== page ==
“Look, it’s Bud Lightyear!” exclaimed a mother with her family in tow.
“Mom, it’s Buzz. Buzz Lightyear,” protested her oldest son. She ignored the correction loftily.
“And there’s Spongebob!” she said, pointing to another of the huge balloons resting face-down on 77th St.
“Spongebud,” muttered her son mutinously.
Name recognition appeared to be at an all-time low. I overheard several people who were unable to recognize Ronald McDonald, sprawled on 81st St.
“It’s a clown!” exclaimed one, which is technically correct but probably caused Ray Kroc to spin briefly in his mausoleum.
“There’s Dumbo!” another father told his young son, pointing to Dr Seuss’s Horton.
“Let’s go see Dumbo!” Another mother pointed out Pikachu with a glad cry of
“Oh look, there’s Pokemon!” At times, you could feel half a dozen children cringing simultaneously, while on distant Madison Avenue the toy marketers were probably weeping into their Manhattans. I wanted to grab the nearest parent and tell them:
“Listen, I don’t have children or a TV, and even I know this stuff. Pay attention, dammit!” Not that it matters, except that the embarrassing sight of mom and dad unable to correctly name a single one of seven or eight heavily-marketed toy personalities probably confirms to the children what they will learn all too soon, which is that mom and dad aren’t listening.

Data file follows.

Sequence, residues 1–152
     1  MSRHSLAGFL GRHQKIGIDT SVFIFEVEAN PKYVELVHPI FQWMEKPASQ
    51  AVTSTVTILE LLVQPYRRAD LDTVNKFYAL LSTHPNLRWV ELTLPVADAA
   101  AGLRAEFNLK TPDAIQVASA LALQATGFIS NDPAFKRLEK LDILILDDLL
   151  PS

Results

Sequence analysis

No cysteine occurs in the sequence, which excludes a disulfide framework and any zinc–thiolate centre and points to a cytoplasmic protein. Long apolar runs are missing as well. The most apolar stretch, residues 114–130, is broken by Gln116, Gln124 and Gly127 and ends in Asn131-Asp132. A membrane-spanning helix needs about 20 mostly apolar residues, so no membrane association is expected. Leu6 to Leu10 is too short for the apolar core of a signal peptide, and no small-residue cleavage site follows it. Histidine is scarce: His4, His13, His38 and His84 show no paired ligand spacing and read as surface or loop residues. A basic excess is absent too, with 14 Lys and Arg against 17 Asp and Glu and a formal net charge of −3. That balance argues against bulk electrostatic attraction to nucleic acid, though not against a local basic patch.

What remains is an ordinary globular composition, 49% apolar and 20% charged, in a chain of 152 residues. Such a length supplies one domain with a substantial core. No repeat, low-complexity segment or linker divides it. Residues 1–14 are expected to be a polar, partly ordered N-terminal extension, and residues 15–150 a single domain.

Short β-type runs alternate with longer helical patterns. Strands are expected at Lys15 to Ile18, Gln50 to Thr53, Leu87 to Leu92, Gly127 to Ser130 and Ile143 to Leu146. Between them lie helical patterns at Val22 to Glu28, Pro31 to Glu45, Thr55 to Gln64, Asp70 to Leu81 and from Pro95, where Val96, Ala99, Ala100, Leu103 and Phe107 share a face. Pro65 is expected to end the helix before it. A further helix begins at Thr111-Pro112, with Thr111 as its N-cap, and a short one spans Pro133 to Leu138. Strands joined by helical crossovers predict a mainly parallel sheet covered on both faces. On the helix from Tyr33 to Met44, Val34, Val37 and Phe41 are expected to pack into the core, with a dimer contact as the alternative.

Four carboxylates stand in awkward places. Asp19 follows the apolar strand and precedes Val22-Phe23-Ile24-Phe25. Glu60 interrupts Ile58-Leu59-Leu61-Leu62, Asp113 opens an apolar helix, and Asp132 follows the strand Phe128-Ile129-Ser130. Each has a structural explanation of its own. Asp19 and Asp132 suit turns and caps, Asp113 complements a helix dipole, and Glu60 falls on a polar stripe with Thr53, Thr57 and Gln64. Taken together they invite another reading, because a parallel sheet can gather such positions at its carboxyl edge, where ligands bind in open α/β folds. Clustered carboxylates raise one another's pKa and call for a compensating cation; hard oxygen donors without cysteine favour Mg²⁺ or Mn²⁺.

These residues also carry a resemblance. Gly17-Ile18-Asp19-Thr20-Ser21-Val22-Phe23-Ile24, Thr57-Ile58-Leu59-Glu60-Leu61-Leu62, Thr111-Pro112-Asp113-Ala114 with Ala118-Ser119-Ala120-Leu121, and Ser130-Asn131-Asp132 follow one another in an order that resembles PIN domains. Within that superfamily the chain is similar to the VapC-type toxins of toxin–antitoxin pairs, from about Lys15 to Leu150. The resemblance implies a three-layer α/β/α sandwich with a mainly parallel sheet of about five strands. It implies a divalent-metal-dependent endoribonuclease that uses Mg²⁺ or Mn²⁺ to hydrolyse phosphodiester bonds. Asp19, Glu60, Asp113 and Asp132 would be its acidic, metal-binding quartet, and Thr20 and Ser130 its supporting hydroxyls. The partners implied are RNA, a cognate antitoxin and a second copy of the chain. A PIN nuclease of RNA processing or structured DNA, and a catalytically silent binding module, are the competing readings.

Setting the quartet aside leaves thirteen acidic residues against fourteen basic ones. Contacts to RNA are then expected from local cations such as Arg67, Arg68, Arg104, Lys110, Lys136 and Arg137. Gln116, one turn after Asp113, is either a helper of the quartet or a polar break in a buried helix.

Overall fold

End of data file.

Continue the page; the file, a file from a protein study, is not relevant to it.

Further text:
I enjoy the spectacle of the giants lolling gently on the asphalt, the arc lights throwing vast shadows on the surrounding buildings. There’s something pleasingly surreal about the sight of a house-sized Beethoven (the dog, not the composer) heeled over like a shipwreck while the pygmies mill about his ankles. But I could do without the elbow-jammed crowd and the icy cold. Still, I was glad in the end that I had decided to endure the shuffling Calvary for another half hour, instead of cutting out after 77th St. Amidst the superstars of the toybox, a more modest balloon in the shape of a figure holding a heart above its head barely attracted any notice, but it was instantly my favorite.
“It’s by an artist,” a nearby mother explained to her child. She hesitated for a moment, as if she wanted to say something more. Her hesitation made me think that she knew exactly what it was and what it represents, and why it was important that it was there.